Strategic Orientations by the OECD Secretary-General


Remarks by Angel Gurría, OECD Secretary-General, delivered at the meeting of the Council at Ministerial Level

OECD Conference Centre, 27 May 2010

The recovery from the worst economic crisis in our lifetime is a good time to lay down the foundations of a stronger, cleaner and fairer world economy. It is also an opportunity to reflect on the progress we have made and on what remains to be done. It is in this context that I want to present my Strategic Orientations for the OECD’s work.

Since the last MCM, we have managed to refocus our substantive work to address emerging global challenges and better connect to the policy agendas of our Member countries.

Our Strategic Response to the Financial and Economic Crisis, our Labour Ministerial, and our contributions to the G8 and G20 processes, among others, revealed an agile and versatile Organisation that responds to unforeseen demands in a timely and competent manner.

In the G8 context, we have played a key role in L’Aquila, developing the “Whole-of-Government Instrument”, the “Accountability” exercise and the “Global Standard on Propriety, Integrity and Transparency”.

In the G20 context, we were invited for the first time to participate in the G20 Pittsburgh Summit and were requested to work on a broad range of issues, including fossil fuel subsidies, employment and social policies, the fight against trade and investment protectionism, anti-corruption and development. We are also working with the Financial Stability Board and are supporting the Framework for Strong, Sustainable and Balanced Growth

Other highlights of this past year include our work on climate change (COP15), where we worked closely with the Danish Chair in the run-up to Copenhagen, especially on issues of financing, as well as our contribution to the Commission on Measuring Economic Performance and Social Progress, a topic the OECD brought to the table in 2004 in Palermo, Italy. We have also worked to deliver on previous MCM mandates on Innovation and Green Growth, which will be presented to you tomorrow.

We have continued to provide timely support to our Member countries in their domestic policy agendas. We provided targeted policy recommendations through new tools like our country brochures “At a Glance” (including on France, Greece, Japan, Spain and Mexico) and commented extensively on the Japanese Growth Strategy and the 2020 Agenda of the European Union.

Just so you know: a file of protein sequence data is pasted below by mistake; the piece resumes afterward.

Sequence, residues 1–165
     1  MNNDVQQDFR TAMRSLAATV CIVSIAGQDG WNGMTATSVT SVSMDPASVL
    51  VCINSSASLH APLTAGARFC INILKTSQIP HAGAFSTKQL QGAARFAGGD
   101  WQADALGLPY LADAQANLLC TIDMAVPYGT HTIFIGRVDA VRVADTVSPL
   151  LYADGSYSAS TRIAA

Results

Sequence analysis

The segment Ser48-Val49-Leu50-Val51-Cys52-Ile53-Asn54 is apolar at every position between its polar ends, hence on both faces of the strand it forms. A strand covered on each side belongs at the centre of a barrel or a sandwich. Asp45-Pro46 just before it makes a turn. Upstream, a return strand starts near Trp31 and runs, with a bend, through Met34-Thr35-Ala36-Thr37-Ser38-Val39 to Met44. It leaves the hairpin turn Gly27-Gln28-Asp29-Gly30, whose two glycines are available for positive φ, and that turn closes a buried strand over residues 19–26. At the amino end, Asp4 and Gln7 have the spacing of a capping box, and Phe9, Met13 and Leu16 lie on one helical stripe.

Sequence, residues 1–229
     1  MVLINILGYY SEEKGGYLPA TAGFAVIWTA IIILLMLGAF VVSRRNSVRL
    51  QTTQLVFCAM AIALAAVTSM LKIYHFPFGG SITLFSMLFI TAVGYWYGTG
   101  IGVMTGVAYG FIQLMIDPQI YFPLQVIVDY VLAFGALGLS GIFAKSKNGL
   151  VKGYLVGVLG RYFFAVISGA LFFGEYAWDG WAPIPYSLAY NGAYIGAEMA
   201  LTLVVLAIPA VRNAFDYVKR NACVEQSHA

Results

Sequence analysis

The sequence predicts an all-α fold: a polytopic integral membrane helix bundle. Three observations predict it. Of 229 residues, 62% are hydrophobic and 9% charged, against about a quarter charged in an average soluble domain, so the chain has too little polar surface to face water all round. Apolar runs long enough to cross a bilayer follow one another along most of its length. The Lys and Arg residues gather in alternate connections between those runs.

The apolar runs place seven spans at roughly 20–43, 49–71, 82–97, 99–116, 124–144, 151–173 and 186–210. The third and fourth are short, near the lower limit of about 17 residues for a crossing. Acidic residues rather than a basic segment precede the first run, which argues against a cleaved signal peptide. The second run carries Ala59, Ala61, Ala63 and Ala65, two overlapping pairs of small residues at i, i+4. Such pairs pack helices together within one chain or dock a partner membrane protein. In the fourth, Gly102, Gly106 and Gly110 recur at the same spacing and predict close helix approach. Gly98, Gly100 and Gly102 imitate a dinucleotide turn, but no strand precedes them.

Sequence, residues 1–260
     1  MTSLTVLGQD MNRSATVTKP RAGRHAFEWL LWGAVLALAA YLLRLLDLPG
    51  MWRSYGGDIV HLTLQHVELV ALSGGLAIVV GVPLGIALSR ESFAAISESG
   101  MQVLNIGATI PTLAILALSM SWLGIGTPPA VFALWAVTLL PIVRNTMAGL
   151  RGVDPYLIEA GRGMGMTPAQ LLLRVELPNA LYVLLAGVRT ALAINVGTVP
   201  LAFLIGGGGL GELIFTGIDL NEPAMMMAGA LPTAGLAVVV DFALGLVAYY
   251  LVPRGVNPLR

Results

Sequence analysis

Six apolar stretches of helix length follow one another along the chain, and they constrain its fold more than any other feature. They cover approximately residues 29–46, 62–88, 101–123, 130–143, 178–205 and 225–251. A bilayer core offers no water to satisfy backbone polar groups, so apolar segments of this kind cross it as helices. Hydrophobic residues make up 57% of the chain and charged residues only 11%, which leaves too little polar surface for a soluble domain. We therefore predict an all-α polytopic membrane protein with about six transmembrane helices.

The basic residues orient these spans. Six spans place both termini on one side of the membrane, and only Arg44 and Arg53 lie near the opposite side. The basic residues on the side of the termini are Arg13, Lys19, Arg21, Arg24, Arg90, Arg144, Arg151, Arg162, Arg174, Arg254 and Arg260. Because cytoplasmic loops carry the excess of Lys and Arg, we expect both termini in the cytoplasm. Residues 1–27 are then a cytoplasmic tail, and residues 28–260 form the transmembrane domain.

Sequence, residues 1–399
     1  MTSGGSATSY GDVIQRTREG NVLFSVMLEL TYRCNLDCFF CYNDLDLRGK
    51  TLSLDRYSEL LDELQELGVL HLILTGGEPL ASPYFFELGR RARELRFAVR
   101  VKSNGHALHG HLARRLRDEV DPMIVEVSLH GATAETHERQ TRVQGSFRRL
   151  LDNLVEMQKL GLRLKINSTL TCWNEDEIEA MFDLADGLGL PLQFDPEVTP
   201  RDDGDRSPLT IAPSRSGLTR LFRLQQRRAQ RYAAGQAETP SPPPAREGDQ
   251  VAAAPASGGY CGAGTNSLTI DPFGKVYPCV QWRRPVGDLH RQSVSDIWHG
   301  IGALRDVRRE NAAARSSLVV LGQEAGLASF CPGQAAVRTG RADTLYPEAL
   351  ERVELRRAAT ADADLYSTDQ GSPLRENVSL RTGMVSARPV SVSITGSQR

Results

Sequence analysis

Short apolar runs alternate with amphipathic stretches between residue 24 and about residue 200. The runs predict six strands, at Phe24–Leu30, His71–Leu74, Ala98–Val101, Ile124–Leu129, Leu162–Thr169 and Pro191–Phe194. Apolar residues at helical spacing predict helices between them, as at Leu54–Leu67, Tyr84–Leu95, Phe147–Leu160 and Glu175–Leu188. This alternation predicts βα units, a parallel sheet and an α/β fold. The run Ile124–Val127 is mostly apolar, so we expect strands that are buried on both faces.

All this has been achieved in parallel with an unprecedented effort to open the OECD to the world. Today, I am very pleased to report that we have completed the accession process  of ChileEstoniaIsrael and Slovenia, while discussions with Russia are progressing. We have deepened the Enhanced Engagement process with a number of joint projects including the Economic Surveys on Brazil and China, the Investment Review of India, the report on “Trends in South African Income Distribution and Poverty” and the forthcoming Investment Review and Economic Survey on Indonesia. I also participated in China’s Development Forum and undertook official visits to both Brazil and India.

But our efforts at global reach go beyond Enhanced Engagement. We have increased our activities in many other regions with our Latin American Initiative and our MENA Investment and Governance programmes, as well as the Latin American, the South East Asian and the African Economic Outlooks. Our relevance grows in our diversity.

We have also continued to implement our programme of management and administrative reforms, which is essential to increase our operational effectiveness and our capacity to deliver. Besides the improvement of the decision-making process on the PWB and the strengthening of an integrated system for finance and budgeting, we have continued with the human resources reform. We have also put in place a new information and communication technology strategy.

There is still some homework to be done on this front. We need to break the impasse on the issue of financing Part II programmes, and we need to find solutions to the growing unfunded liabilities related to post-employment health care coverage.

Looking ahead, we should continue to strengthen our substantive work, enhance our global presence and increase the impact of our analysis and policy recommendations. We will have to do this in an extremely difficult economic context, which may accentuate our budget constraint.

Thus, we should maintain and consolidate our core work, including our surveys, outlooks and peer reviews in many crucial policy areas. This is where much of our unique value-added lies.